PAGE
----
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Megacity impacts on regional ozone formation: Observations and WRF-Chem modeling for the MIRAGE-Shanghai field campaign

by X. Tie, F. Geng, A. Guenther, J. Cao, J. Greenberg, R. Zhang, E. Apel, G. Li, A. Weinheimer, J. Chen, C. Cai show all authors
Atmospheric Chemistry and Physics ()

Abstract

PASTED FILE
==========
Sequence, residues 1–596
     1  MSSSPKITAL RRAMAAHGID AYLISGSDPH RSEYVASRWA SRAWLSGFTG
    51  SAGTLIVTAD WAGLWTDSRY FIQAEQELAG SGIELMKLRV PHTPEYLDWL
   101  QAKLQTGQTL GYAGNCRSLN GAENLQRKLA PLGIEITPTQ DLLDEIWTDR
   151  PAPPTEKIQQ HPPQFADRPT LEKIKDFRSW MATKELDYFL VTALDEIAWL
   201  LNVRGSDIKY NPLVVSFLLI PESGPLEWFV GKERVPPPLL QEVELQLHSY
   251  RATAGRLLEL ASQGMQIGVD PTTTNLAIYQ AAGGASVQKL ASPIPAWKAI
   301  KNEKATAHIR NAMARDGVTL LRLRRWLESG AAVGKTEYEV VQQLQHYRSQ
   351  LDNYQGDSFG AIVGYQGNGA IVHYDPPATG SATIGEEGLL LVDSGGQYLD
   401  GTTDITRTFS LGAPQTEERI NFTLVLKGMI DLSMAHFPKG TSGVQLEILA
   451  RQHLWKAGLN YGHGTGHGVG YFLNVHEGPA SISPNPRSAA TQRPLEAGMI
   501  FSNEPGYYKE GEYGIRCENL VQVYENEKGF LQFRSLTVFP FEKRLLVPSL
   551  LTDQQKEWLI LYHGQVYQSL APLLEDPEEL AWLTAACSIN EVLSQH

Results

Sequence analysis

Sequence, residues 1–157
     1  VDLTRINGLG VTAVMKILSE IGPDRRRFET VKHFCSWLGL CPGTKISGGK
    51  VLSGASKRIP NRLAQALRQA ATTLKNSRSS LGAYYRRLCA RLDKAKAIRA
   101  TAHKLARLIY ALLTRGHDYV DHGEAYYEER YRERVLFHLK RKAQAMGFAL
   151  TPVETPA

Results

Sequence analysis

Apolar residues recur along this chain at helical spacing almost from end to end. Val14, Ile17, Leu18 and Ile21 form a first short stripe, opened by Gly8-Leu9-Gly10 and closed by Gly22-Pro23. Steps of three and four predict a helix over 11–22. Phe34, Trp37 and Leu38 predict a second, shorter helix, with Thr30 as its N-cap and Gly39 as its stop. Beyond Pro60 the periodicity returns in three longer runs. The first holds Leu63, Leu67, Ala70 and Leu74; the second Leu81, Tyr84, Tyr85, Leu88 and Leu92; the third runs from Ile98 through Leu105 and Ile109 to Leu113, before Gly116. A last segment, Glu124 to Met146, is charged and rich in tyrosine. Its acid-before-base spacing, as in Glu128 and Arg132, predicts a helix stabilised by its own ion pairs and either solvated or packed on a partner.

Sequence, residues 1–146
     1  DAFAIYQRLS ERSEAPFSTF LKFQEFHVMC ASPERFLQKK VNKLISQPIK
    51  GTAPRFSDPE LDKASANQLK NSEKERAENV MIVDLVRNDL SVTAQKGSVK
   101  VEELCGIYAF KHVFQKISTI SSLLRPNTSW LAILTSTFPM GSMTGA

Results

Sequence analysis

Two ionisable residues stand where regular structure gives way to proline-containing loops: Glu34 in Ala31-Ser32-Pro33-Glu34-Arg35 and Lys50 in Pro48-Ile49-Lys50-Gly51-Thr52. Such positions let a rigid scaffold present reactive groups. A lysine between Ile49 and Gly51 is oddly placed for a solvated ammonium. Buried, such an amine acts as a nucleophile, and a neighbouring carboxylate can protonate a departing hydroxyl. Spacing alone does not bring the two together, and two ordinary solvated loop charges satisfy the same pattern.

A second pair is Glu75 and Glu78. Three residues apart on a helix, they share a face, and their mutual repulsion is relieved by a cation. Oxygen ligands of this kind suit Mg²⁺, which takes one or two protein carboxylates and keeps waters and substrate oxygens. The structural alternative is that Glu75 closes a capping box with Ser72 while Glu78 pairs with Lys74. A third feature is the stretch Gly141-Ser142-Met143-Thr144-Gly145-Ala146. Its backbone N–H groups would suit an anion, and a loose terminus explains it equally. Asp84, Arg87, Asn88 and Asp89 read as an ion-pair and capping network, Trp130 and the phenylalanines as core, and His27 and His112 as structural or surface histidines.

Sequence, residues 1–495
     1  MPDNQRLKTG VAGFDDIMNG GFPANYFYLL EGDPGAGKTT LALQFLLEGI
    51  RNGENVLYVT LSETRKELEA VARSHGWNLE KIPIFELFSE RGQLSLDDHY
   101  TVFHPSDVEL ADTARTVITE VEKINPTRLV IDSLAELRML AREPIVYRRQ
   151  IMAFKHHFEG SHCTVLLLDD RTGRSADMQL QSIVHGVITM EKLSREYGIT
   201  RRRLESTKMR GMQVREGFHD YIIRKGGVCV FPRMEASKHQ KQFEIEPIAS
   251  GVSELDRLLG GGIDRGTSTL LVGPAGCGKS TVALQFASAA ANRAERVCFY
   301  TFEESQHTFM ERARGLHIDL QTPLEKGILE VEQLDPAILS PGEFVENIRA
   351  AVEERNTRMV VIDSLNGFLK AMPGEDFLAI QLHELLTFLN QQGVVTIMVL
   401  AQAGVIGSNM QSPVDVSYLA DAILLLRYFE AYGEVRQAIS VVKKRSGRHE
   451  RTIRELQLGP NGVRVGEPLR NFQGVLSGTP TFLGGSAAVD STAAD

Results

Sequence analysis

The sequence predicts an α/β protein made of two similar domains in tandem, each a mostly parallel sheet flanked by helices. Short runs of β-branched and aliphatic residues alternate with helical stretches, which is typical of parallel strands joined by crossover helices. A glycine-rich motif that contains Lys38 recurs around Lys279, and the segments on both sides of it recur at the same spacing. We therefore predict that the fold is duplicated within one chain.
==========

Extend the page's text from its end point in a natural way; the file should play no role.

The MIRAGE-Shanghai experiment was designed to characterize the factors controlling regional air pollution near a Chinese Megacity (Shanghai) and was conducted during September 2009. This paper provides an overview of the measurements conducted for this study. In addition to the measurements, a regional chemical/dynamical model (version 3 of Weather Research and Forecasting Chemical model – WRF-Chemv3) is applied for this study. The model results are intensively compared with the measurements to evaluate the model capability for calculating air pollutants in the Shanghai region, especially the chemical species related to ozone formation. The results show that the model is able to calculate the general distributions (the level and the variability) of air pollutants in the Shanghai region, and the difference between the model calculation and the measurement are mostly smaller than 30%, except the calculations of HONO at PD (Pudong) and CO at DT (Dongtan). <br><br> The main scientific focus is the study of ozone chemical formation not only in the urban area, but also on a regional scale of the surrounding area of Shanghai. The results show that during the experiment period, the ozone photochemical formation was strongly under the VOC-limited condition in the urban area of Shanghai. Moreover, the VOC-limited condition occurred not only in the city, but also in the larger regional area. There was a continuous enhancement of ozone concentrations in the downwind of the megacity of Shanghai, resulting in a significant enhancement of ozone concentrations in a very large regional area in the surrounding region of Shanghai. The sensitivity study of the model suggests that there is a threshold value for switching from VOC-limited condition to NO<sub>x</sub>-limited condition. The threshold value is strongly dependent on the emission ratio of NO<sub>x</sub>/VOCs. When the ratio is about 0.4, the Shanghai region is under a strong VOC-limited condition over the regional scale. In contrast, when the ratio is reduced to about 0.1, the Shanghai region is under a strong NO<sub>x</sub>-limited condition. The estimated threshold value (on the regional scale) for switching from VOC-limited to NO<sub>x</sub>-limited condition ranges from 0.1 to 0.2. This result has important implications for ozone production in this region and will facilitate the development of effective O<sub>3</sub> control strategies in the Shanghai region.

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